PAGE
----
Capture of Fluorescence Decay Times by Flow Cytometry

Jessica P. Houston1, Mark A. Naivar2, Patrick Jenkins1, James P. Freyer3

1 Department of Chemical Engineering, New Mexico State University, Las Cruces, New Mexico, 2 DarklingX, Los Alamos, New Mexico, 3 National Flow Cytometry Resource, Bioscience Division, Los Alamos National Laboratory, Los Alamos, New Mexico
Publication Name:  Current Protocols in Cytometry
Unit Number:  Unit 1.25
DOI:  10.1002/0471142956.cy0125s59
Online Posting Date:  January, 2012
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In flow cytometry, the fluorescence decay time of an excitable species has been largely underutilized and is not likely found as a standard parameter on any imaging cytometer, sorting, or analyzing system. Most cytometers lack fluorescence lifetime hardware mainly owing to two central issues. Foremost, research and development with lifetime techniques has lacked proper exploitation of modern laser systems, data acquisition boards, and signal processing techniques. Secondly, a lack of enthusiasm for fluorescence lifetime applications in cells and with bead‐based assays has persisted among the greater cytometry community. In this unit, new approaches that address these issues and demonstrate the simplicity of digitally acquiring fluorescence relaxation rates in flow cytometry are described. This unit provides protocols and a Commentary section describing a most comprehensive discourse on acquiring the fluorescence lifetime with frequency‐domain methods. This unit covers (1) standard fluorescence lifetime acquisition (protocol‐based) with frequency‐modulated laser excitation, (2) digital frequency‐domain cytometry analyses, and (3) interfacing fluorescence lifetime measurements onto sorting systems. This unit also discusses how digital methods are used for aliasing to harness higher frequency ranges. Also, a final discussion is provided on heterodyning and processing of waveforms for multi‐exponential decay extraction. Curr. Protoc. Cytom. 59:1.25.1‐1.25.21. © 2012 by John Wiley & Sons, Inc.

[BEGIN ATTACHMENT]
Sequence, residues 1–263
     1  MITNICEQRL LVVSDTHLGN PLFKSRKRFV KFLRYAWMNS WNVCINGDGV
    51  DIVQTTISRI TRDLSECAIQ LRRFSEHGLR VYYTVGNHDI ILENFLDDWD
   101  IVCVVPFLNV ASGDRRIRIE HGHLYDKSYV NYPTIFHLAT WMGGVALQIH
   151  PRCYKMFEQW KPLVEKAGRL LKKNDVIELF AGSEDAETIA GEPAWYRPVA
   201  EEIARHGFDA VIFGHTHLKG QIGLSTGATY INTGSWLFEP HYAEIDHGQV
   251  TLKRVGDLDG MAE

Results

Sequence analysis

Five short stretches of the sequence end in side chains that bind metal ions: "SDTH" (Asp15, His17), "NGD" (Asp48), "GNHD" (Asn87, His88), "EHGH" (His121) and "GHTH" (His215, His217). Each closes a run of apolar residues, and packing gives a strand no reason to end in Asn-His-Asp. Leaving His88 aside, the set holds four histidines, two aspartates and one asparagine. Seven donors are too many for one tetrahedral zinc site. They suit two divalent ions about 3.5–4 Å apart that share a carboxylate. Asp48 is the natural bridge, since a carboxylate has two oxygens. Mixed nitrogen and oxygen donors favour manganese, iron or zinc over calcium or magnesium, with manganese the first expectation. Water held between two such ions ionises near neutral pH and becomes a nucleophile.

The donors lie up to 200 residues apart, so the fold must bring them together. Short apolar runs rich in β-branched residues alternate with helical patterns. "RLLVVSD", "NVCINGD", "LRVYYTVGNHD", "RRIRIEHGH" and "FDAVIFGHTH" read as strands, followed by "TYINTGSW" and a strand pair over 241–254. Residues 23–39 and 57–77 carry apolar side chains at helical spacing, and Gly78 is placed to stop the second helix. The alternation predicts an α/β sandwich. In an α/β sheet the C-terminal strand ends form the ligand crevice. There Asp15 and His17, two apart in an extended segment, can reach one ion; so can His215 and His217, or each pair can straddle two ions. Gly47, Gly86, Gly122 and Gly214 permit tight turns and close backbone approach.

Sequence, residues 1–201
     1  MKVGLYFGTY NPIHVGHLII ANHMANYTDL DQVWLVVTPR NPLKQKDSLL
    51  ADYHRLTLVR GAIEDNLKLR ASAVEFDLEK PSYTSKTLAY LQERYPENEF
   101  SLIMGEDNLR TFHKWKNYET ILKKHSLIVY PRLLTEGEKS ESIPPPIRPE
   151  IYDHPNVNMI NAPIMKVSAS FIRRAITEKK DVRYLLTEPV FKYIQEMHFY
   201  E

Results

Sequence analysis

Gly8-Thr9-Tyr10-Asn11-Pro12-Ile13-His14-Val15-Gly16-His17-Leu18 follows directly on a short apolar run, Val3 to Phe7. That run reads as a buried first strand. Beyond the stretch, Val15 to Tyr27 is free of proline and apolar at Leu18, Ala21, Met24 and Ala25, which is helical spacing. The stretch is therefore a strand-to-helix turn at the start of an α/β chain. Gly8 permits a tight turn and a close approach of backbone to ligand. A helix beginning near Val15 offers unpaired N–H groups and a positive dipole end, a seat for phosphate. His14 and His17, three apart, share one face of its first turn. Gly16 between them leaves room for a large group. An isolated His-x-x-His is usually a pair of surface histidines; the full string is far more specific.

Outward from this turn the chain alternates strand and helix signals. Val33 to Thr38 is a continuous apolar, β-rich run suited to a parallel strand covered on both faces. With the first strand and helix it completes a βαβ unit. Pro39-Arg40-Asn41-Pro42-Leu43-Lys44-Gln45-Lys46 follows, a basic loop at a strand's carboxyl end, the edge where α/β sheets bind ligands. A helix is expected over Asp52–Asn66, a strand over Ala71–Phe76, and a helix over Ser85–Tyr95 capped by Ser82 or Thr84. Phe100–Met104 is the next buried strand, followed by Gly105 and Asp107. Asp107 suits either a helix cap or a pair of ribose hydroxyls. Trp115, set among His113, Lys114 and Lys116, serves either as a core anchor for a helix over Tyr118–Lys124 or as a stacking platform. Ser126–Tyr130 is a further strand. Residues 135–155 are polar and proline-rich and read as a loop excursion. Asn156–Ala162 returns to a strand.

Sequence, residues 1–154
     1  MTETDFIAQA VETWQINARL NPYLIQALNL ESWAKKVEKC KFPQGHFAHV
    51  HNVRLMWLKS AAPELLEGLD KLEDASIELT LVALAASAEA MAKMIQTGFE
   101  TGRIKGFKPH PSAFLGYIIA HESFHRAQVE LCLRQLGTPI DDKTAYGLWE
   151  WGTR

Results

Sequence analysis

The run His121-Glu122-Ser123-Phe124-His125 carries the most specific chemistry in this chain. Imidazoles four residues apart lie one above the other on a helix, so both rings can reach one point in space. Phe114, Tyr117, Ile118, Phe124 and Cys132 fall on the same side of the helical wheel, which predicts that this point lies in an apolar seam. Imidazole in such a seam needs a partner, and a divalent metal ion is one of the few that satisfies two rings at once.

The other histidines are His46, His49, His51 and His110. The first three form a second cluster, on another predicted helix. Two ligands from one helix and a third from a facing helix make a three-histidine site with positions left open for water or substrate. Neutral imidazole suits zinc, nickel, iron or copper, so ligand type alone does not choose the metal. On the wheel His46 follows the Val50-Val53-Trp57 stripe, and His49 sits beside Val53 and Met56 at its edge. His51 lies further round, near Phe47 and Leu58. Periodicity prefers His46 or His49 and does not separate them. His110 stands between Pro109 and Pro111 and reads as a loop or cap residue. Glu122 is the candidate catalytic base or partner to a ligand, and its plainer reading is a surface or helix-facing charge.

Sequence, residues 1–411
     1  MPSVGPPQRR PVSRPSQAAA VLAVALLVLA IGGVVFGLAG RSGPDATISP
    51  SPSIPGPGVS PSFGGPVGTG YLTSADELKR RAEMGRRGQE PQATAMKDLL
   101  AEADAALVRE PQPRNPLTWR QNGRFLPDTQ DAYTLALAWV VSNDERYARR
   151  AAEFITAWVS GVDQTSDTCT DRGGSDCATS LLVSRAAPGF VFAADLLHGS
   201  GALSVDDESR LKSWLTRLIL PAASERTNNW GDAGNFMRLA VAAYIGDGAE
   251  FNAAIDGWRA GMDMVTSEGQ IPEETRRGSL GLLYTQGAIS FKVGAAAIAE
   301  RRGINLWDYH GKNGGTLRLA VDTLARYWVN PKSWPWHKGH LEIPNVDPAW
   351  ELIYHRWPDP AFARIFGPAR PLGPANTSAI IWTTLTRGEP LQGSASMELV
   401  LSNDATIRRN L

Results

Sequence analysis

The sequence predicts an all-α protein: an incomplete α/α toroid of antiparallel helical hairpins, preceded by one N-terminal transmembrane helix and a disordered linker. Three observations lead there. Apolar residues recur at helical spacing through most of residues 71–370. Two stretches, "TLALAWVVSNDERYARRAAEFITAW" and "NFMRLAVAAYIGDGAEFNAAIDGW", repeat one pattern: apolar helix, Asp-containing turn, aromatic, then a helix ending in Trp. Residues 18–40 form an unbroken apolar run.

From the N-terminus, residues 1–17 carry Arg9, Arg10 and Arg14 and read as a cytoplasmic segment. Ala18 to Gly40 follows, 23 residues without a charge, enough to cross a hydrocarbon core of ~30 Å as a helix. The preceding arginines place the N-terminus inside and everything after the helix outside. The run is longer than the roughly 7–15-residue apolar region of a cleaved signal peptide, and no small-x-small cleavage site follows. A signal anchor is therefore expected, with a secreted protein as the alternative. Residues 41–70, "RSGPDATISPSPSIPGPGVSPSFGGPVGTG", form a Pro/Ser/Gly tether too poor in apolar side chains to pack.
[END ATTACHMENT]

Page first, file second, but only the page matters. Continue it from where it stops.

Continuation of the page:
Keywords: fluorescence lifetime; flow cytometry; fluorescence decay kinetics; frequency‐domain; phase‐sensitive detection; digital data systems

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Table of Contents

  • Introduction
  • Basic Protocol 1: Conventional Analog Analysis for Single Lifetime Acquisition
  • Commentary
  • Literature Cited
  • Figures
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Basic Protocol 1: Conventional Analog Analysis for Single Lifetime Acquisition

  • Bead and/or cell samples (scatter‐only microspheres, calibration fluorescence microspheres, and unknown sample)
  • External laser modulator (electro‐optic modulator device or acousto‐optic modulator device, e.g., Conoptics, model 350‐105‐1, KD*P series electro‐optic modulator with model 200 driver)
  • Radio‐frequency signal synthesizer to drive modulator and provide a mixing signal (e.g., Tektronix, model AFG 3102 function generator)
  • Flow cytometer with at least two photomultiplier tubes with rapid (≤2 nsec) rise time specifications
  • High‐speed transimpedance preamplifiers (0 ≥ bandwidth ≥ 10 MHz, or hundreds of MHz range) for the PMTs used for modulation detection
  • Oscilloscope
  • Delay line with nanosecond resolution and manual adjustment (or other device capable of phase‐shifting an analog sinusoidal signal)
  • High‐frequency signal multipliers (two required)
  • Quadrature hybrid device for creating in‐phase carrier wave and phase‐quadrature, or 90°, out‐of‐phase carrier wave
  • Low‐pass frequency filter (∼100 kHz bandwidth to reduce high frequency)
  • Analog ratio module device (capable of dividing two analog pulse waveforms)
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Literature Cited

Literature Cited
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